- 10 Apr 2018 9:10 AM
- The Budapest Beacon
At a press conference held in Budapest Monday afternoon, the head of the ODIHR mission, Douglas Wake, read aloud the following Statement of Preliminary Findings and Conclusions:
The 8 April parliamentary elections were characterized by a pervasive overlap between state and ruling party resources, undermining contestants’ ability to compete on an equal basis.
Voters had a wide range of political options but intimidating and xenophobic rhetoric, media bias and opaque campaign financing constricted the space for genuine political debate, hindering voters’ ability to make a fully-informed choice. The technical administration of the elections was professional and transparent.
Fundamental rights and freedoms were respected overall, but exercised in an adverse climate. Access to information as well as the freedoms of the media and association have been restricted, including by recent legal changes.
While the electoral legal framework forms an adequate basis for democratic elections, recent amendments were a missed opportunity to hold inclusive consultations and address prior ODIHR recommendations.
The election administration fulfilled its mandate in a professional and transparent manner and enjoyed overall confidence among stakeholders. The appointment mechanism for the election administration at all levels offers a reasonable basis for independence and impartiality, but the lack of clear selection criteria and the absence of inclusive public consultation on nominees detracted from the overall confidence.
Positively, special efforts were made to ensure the full participation of persons with disabilities in the electoral process.
There is overall trust in the accuracy and inclusiveness of the voter register. A total of 8,312,264 voters, including over 435,000 voting from abroad, were registered for the elections. Concerns were raised that the use of two different voting procedures for out-of-country voters challenges the principle of equal suffrage and that the distinction was based on partisan considerations.
Following an inclusive candidate registration process, 23 party lists with a total of 1,796 candidates, were registered for the national proportional contest and 1,643 candidates were registered for the single-member constituency races.
Some 30 per cent of all candidates were women. While there was a large number of contestants, most did not actively campaign, ostensibly registering to benefit from public campaign finance or to dilute the vote in tightly contested races.
The campaign was animated, but hostile and intimidating campaign rhetoric limited space for substantive debate and diminished voters’ ability to make an informed choice.
The ubiquitous overlap between government information and ruling coalition campaigns, and other abuses of administrative resources, blurred the line between state and party, at odds with Organization for Security and Co-operation in Europe (OSCE) commitments.
Public campaign funding and expenditure ceilings aim at securing equal opportunities for all candidates. However, the ability of contestants to compete on an equal basis was significantly compromised by the government’s excessive spending on public information advertisements that amplified the ruling coalition’s campaign message.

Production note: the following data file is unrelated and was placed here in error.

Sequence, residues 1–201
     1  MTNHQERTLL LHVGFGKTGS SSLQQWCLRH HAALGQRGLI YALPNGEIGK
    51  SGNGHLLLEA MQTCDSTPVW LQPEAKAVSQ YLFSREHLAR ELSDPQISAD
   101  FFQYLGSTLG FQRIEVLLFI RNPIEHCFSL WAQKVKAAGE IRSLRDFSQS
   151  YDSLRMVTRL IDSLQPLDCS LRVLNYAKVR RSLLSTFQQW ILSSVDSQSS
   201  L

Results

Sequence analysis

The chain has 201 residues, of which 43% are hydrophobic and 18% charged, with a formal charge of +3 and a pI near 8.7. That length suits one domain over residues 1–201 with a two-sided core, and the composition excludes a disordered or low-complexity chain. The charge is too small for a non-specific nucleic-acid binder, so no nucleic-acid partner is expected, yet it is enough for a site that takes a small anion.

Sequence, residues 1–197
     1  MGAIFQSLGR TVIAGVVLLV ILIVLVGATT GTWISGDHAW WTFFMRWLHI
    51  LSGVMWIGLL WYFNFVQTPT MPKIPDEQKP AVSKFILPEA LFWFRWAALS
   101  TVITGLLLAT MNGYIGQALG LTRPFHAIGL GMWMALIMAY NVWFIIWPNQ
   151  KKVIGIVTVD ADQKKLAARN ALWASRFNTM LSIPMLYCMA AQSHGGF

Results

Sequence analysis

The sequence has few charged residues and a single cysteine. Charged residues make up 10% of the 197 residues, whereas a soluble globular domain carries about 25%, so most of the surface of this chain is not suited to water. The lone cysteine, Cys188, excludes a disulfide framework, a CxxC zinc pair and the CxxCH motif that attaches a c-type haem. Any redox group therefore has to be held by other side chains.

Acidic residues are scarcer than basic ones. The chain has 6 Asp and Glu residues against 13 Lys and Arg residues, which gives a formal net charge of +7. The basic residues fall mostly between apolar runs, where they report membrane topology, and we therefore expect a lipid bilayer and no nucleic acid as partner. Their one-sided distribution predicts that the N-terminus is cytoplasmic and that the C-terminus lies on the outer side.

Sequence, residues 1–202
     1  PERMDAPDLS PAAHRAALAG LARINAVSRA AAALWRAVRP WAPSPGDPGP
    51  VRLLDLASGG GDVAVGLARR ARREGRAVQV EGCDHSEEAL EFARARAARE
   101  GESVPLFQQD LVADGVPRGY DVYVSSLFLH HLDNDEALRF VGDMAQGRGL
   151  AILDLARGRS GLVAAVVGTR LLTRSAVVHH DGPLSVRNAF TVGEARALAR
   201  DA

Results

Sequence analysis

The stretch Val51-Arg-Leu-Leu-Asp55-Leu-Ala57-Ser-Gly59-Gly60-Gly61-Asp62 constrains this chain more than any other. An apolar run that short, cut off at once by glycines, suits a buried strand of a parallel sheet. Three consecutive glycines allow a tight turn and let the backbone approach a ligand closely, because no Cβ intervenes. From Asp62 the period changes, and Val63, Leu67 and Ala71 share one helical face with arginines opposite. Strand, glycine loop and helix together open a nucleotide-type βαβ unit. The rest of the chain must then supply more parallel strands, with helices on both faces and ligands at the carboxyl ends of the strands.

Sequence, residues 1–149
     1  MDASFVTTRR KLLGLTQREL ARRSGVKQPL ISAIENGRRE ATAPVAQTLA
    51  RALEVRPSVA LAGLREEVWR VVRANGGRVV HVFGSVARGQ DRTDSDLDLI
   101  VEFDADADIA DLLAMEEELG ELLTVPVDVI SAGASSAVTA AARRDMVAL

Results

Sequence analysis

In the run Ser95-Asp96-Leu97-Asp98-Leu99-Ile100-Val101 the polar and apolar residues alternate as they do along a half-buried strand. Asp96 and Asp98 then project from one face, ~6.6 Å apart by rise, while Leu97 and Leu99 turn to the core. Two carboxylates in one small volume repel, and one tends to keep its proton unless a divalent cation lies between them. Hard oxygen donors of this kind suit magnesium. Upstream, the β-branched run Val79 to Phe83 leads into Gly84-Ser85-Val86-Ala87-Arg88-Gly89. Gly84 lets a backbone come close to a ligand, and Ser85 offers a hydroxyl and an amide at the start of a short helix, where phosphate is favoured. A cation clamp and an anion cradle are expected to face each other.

With no reporting requirements until after the elections, voters were effectively deprived of information on campaign financing, key to making an informed choice and overall transparency.
Media coverage of the campaign was extensive, yet highly polarized and lacking critical analysis. The public broadcaster fulfilled its mandate to provide free airtime to contestants, but its newscasts and editorial outputs clearly favored the ruling coalition, at odds with international standards.
Most commercial broadcasters were partisan in their coverage, either for ruling or opposition parties. Online media provided a platform for pluralistic, issue-oriented political debate. Defamation remains a criminal offence and pressure on journalists was observed.
Women remain underrepresented in political life and there are no legal requirements to promote gender equality in the electoral context. Although one major party placed a woman at the top of the national list and some parties addressed gender-related issues in their programmes, empowerment of women received scant attention as a campaign issue, including in the media.
Measures to enhance minority participation in the electoral process are foreseen in the legislative framework. All 13 recognized national minorities registered their national lists and some 60,000 citizens registered as minority voters.
The Roma were subject to derogatory comments in the campaign. Further, the dependence of many Roma on the locally-administered public works scheme made them vulnerable to intimidation and vote-buying.
Contrary to OSCE commitments, citizen election observation is not permitted. Legislative constraints and intimidating rhetoric by the government stifled civil society’s involvement in election-related activities, limiting the public’s access to non-partisan assessment of the elections. The legislation provides for international election observation at all stages of the process.
The right to seek an effective remedy for electoral violations is inclusive and was generally respected. All disputes were reviewed expeditiously and largely within legal deadlines.
However, there was no guarantee of a public hearing at any level of the dispute resolution process and procedures for review did not allow for genuine input from NEC members. The NEC reviewed 464 complaints, of which 308 were dismissed due to a strict application of formal requirements.
In the limited number of polling stations visited, election day procedures were generally conducted efficiently and in line with the law. Election staff were knowledgeable and operated transparently.
MTI Photo: Mónus Márton